Profile: Ignacio Rodriguez-Iturbe: The Critical Role of Water in Environmental Problems
Ignacio Rodriguez-Iturbe who has been a member of the Princeton Environmental Institute faculty for thirteen years, is the James S. McDonnell Distinguished University Professor of Civil and Environmental Engineering. His research areas include ecohydrology, environmental engineering and water resources, surface hydrology and hydrometeorology, and the water embedded in the food trade among nations.
Arriving in Princeton from Texas A&M the summer of 1999, Rodriguez-Iturbe has been dedicated to the work of the Princeton Environmental Institute (PEI) from the beginning. He became a PEI faculty member in 1999 and served as Director of the Center for Energy and Environmental Studies (CEES) from July 1999 until 2002, when CEES was divided into two research groups, the Energy Systems Analysis Group (ESAG) at PEI, and the Program on Science and Global Security at the Woodrow Wilson School.
Rodriguez-Iturbe served as acting director of PEI in 2002, and from 2002 – 2008 he was on PEI’s executive committee. In 2001 he became the first recipient of a new professorship gifted to PEI from the Pitney family, the Theodora Shelton Pitney Professor of Environmental Sciences, a title he held until 2006. He joined the Grand Challenges faculty in 2007, and has also been a participating faculty member in two of PEI’s research centers, the Center for Biocomplexity and the Cooperative Institute for Climate Science.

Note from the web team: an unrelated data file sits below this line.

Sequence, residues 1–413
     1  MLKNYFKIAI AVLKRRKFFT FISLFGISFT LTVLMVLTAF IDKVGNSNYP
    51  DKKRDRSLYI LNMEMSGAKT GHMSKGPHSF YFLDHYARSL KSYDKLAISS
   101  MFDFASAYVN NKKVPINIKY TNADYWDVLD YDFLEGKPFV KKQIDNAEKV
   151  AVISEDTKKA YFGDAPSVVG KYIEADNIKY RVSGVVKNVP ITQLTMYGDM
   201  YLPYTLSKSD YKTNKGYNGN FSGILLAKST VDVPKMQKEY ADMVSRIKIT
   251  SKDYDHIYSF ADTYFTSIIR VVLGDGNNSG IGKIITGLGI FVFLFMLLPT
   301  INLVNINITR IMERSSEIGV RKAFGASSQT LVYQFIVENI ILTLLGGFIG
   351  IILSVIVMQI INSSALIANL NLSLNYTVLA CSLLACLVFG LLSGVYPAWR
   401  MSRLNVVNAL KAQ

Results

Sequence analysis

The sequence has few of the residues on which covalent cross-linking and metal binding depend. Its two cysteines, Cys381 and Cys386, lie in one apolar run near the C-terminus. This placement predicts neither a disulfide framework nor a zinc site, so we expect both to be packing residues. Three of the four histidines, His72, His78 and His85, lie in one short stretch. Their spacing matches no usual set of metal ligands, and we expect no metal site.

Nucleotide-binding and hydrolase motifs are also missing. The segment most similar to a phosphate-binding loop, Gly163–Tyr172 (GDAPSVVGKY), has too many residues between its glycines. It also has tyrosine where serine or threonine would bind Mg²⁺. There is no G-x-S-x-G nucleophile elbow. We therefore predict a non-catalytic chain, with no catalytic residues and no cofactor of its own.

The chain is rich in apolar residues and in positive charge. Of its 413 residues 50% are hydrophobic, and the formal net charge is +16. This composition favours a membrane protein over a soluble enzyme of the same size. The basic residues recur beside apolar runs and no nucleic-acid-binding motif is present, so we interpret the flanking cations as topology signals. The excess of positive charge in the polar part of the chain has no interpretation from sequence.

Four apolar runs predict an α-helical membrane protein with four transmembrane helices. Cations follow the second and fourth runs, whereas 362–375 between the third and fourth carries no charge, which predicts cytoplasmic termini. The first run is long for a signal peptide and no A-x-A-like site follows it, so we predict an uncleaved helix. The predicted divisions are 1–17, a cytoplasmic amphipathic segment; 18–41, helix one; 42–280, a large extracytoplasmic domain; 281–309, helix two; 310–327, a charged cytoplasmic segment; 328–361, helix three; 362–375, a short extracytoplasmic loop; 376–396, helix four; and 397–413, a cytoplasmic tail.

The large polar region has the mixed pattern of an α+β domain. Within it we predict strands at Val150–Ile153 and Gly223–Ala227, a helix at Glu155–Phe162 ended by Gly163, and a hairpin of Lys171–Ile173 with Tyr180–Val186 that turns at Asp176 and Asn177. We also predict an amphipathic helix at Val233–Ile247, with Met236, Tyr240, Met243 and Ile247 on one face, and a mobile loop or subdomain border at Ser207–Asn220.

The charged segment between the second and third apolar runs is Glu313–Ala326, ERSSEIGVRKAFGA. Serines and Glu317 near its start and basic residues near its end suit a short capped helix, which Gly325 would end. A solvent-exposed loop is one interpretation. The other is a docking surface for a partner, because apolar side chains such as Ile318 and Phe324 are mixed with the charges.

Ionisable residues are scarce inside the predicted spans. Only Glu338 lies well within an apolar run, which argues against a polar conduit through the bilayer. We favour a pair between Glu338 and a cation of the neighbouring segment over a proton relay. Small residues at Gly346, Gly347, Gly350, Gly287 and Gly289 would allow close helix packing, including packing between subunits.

Rodriguez-Iturbe teaches several very popular environmental studies (ENV) courses, including the senior colloquium in environmental studies, and the freshman seminar (FRS 105) Water: Keystone for sustainable development. He also teaches ENV courses cross listed with the civil and environmental engineering department, including (CEE/ENV 587) Ecohydrology, and (CEE 599) Special topics in environmental engineering.
In addition to his scholarship, research, and teaching, he is credited for his ability to inspire in his students a lasting appreciation for the natural world and their impact on it. “Ignacio inspires students to think about natural systems in the broadest terms and to reach for their highest ideals in understanding the complexity of nature,” said Lars Hedin, professor of ecology and evolutionary biology and director of PEI’s program in environmental studies (ENV). In addition to teaching, Professor Rodriguez-Iturbe advises many students on their senior thesis research projects, and mentors untold numbers of other undergraduate and graduate students.
The author of over 200 journal publications and 6 books, Rodriguez-Iturbe has received numerous international awards and honors, including the National Academy of Sciences (2010); National Academy of Engineering (1988); the Bowie Medal (2009), Horton Medal (1998), and Macelwane Medal (1977), all from the American Geophysical Union; Pontifical Academy of Sciences, Vatican (2007); Spain Royal Society of Sciences (2003); Prince Sultan Abdulaziz Water Prize (2010); and the Stockholm Water Prize (2002).